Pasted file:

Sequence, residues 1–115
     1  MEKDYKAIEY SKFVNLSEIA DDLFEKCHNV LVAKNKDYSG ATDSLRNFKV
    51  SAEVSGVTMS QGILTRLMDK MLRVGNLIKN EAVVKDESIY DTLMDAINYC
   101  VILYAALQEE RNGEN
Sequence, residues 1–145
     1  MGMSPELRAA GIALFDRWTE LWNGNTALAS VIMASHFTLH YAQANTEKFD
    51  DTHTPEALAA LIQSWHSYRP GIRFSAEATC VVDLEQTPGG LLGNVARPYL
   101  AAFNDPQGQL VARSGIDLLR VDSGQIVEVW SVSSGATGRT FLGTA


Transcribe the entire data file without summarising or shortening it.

Sequence, residues 1–115
     1  MEKDYKAIEY SKFVNLSEIA DDLFEKCHNV LVAKNKDYSG ATDSLRNFKV
    51  SAEVSGVTMS QGILTRLMDK MLRVGNLIKN EAVVKDESIY DTLMDAINYC
   101  VILYAALQEE RNGEN
Sequence, residues 1–145
     1  MGMSPELRAA GIALFDRWTE LWNGNTALAS VIMASHFTLH YAQANTEKFD
    51  DTHTPEALAA LIQSWHSYRP GIRFSAEATC VVDLEQTPGG LLGNVARPYL
   101  AAFNDPQGQL VARSGIDLLR VDSGQIVEVW SVSSGATGRT FLGTA